If these conservative measures do not help, then an injection around the insertion of the plantar fascia can be performed. This can be done in conjunction with an ultrasound of the area to confirm the diagnosis. These injections can be repeated and sometimes multiple injections are required in order to settle the pain.
If patients fail to improve with these treatments, then shockwave therapy (ESWT) is a useful adjunct. It is carried out as a clinic based procedure over 3 appointments. See NICE guidance for further information:
If the calf muscle/ achilles tendon is overly tight then a lengthening procedure can be carried out as a day surgical procedure.
In rare circumstances, a surgical release of the plantar fascia can be performed in order to reduce pain. As this procedure is not guaranteed to reduce pain, and carries a small risk of damaging the small nerves that supply the sole of the foot with sensation, it is only employed as a last resort.
Ingrowing toenails most frequently affect the big toenail and are caused when the sides of the nail grow into the surrounding skin. The skin subsequently becomes red, inflamed and tender. Bleeding and secondary infection can occur, with pus coming from the area.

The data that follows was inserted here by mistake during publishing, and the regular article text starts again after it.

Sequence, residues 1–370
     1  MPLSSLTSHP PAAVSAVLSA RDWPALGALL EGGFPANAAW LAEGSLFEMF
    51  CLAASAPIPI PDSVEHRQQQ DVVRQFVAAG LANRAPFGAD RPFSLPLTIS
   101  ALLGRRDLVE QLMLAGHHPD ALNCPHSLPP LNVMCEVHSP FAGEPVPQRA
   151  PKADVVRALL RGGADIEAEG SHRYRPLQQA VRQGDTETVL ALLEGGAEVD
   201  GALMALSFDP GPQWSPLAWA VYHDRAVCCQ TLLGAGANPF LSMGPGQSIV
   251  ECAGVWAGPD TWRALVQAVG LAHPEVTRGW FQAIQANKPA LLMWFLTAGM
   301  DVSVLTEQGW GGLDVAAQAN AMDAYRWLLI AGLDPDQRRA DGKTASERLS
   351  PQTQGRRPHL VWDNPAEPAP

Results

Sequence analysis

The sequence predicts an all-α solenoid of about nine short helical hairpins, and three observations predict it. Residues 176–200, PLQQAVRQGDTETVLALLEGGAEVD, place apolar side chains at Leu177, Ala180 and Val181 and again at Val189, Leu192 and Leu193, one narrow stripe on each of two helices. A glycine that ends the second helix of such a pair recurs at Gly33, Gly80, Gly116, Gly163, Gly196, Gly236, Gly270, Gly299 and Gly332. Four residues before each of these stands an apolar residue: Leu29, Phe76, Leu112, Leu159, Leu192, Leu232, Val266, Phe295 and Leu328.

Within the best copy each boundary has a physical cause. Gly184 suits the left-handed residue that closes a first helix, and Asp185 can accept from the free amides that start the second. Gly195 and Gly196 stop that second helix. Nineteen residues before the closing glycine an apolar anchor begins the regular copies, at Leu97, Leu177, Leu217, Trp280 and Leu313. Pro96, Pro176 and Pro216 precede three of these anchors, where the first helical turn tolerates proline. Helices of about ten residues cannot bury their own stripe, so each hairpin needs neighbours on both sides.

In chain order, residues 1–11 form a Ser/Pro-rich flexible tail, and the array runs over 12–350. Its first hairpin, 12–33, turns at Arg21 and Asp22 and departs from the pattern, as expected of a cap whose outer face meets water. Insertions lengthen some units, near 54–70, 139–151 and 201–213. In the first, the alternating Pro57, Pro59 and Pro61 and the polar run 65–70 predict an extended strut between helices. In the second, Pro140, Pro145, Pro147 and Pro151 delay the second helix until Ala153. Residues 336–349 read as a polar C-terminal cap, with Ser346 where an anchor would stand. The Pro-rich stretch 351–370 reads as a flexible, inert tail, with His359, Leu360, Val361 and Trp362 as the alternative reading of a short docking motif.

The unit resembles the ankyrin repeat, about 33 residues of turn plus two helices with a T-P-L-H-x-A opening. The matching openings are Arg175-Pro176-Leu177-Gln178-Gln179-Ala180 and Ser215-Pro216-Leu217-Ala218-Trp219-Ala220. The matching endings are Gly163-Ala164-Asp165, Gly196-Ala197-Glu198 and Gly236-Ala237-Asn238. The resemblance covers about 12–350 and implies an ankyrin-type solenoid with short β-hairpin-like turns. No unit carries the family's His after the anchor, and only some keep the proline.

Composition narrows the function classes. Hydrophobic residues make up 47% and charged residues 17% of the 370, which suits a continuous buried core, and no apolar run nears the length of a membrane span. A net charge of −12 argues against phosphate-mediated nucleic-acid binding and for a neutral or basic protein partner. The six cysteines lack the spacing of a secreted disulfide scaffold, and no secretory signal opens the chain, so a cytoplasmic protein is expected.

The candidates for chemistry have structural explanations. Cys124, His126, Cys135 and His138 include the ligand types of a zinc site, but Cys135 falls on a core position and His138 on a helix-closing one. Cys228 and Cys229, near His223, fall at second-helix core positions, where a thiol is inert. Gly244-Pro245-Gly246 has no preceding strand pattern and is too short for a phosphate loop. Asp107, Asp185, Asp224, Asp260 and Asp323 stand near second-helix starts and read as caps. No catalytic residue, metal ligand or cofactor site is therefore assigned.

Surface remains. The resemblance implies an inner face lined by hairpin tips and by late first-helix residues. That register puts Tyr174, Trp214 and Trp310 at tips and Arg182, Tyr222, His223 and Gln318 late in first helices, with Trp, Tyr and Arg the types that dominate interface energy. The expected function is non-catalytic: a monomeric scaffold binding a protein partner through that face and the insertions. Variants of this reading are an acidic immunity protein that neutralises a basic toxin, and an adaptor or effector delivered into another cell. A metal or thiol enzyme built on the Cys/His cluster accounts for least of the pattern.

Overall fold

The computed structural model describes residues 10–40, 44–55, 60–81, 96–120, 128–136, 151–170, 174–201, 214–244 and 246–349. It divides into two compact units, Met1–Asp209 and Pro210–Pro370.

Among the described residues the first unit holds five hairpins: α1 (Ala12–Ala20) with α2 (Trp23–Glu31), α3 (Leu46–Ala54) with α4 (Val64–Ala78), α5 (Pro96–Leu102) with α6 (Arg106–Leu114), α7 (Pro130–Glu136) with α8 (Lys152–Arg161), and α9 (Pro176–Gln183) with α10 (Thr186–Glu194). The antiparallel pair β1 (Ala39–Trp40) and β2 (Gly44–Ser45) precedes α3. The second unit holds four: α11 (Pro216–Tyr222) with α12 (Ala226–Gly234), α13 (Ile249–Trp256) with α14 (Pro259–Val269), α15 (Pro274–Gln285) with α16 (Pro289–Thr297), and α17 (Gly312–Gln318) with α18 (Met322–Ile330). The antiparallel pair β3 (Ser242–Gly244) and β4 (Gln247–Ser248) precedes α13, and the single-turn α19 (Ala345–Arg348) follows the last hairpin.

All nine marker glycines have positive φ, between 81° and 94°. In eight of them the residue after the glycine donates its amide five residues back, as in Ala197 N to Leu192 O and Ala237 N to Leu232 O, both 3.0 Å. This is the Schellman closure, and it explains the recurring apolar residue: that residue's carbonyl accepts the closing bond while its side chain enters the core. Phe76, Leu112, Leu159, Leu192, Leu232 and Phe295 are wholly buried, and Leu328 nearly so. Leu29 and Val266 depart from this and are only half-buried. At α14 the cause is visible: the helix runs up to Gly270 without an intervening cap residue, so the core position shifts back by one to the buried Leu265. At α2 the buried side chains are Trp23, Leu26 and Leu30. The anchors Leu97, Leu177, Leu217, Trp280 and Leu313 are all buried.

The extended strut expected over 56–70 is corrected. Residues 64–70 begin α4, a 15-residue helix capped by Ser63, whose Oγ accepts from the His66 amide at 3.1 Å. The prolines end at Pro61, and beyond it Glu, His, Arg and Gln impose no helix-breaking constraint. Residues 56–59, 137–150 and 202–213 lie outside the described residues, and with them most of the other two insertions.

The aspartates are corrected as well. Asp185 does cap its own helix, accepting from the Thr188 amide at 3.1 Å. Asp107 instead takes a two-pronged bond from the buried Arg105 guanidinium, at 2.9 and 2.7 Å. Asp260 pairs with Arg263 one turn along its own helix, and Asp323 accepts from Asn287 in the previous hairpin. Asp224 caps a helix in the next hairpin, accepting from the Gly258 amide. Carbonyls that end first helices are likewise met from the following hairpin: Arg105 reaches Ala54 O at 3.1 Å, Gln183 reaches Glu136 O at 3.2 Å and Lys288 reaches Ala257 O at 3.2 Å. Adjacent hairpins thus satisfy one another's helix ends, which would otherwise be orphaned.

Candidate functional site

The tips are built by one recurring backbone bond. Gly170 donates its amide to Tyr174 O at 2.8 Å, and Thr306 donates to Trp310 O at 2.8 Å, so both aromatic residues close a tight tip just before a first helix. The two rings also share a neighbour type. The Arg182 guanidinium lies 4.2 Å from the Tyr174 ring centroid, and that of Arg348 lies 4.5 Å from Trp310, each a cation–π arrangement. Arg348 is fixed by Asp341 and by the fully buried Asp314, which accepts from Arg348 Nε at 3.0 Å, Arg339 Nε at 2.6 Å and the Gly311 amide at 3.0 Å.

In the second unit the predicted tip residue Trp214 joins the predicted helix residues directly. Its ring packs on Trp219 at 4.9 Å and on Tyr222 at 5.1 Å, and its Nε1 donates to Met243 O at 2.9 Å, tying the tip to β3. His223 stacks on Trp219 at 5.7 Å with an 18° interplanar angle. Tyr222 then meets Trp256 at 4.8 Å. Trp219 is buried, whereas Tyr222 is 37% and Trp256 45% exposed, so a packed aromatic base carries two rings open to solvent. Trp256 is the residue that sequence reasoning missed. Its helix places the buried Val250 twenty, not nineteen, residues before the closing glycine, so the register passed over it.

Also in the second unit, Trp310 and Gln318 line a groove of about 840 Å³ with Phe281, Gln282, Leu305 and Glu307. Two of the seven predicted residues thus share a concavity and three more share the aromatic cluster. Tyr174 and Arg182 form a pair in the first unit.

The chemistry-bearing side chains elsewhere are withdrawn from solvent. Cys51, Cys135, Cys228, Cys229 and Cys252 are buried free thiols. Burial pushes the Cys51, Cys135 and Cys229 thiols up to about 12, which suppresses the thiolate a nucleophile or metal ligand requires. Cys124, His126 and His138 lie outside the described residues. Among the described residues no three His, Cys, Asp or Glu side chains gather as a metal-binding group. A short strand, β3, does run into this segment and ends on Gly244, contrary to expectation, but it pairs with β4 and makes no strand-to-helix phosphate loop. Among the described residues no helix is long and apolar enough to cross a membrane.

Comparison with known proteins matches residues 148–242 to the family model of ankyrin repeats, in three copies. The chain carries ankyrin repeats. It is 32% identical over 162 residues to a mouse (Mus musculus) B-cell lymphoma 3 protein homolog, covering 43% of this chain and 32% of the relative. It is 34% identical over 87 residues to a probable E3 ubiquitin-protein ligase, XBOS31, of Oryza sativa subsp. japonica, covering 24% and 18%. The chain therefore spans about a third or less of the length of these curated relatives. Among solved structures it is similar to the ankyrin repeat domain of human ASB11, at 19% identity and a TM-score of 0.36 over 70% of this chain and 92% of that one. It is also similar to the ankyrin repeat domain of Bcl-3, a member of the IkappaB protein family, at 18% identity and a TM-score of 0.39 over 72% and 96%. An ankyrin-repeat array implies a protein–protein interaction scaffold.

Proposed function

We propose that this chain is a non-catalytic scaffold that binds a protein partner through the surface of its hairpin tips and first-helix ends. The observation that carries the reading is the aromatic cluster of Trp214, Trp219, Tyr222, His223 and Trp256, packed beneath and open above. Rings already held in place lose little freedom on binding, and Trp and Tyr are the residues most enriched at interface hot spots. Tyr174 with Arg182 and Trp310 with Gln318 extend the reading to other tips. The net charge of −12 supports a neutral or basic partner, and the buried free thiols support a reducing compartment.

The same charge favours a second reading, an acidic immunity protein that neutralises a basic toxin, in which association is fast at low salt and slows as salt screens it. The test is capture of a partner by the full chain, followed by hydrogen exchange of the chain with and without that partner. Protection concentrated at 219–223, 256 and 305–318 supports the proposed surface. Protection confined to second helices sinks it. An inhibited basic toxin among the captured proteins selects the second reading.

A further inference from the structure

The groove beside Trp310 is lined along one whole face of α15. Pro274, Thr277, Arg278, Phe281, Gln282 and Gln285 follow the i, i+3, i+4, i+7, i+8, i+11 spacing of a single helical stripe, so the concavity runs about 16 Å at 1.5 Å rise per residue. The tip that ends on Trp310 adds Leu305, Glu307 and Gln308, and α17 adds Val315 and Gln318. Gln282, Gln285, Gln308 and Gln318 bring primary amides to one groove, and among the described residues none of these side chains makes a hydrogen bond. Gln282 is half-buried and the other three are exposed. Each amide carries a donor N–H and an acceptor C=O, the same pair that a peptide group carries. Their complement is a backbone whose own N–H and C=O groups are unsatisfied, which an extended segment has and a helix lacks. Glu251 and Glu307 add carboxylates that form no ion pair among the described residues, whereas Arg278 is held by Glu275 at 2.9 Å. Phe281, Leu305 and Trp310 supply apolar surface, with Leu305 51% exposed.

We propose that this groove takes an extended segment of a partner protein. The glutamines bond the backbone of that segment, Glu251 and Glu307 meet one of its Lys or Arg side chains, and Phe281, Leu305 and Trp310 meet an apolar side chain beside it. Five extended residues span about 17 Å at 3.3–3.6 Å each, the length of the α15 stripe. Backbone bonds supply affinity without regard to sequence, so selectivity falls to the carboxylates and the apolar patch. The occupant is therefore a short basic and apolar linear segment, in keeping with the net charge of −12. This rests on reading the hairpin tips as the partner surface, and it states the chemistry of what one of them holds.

There are a number of causes including:
- Curved or fan-shaped nails that predispose to cutting into the skin.
- Cutting the nails too short or curving them at the leading edge corners.
- Excessive pressure on the skin at the corners due to tight ill-fitting shoes.
The aim of toenail operations is to remove the side portion of the nail that is “ingrowing”, or to completely remove the nail, so that that portion or the whole nail does not re-grow.
Under local or general anaesthetic, the side portion of nail, or whole nail, is gently lifted off the nail bed and small oblique incisions are made in the proximal nail folds. The germinal matrix (where the nail grows from) has a chemical (phenol) applied to it that prevents the nail re-growing in that area. Sutures are inserted to close the wounds and the toe is dressed in a bulky dressing.
Post operative rehabilitation
The foot should be elevated for 24-48 hours. Weight bearing is permitted, as comfort allows. The dressings should be changed at 48 hours and replaced with a smaller, lighter dressing. The sutures should be removed at 10-14 days.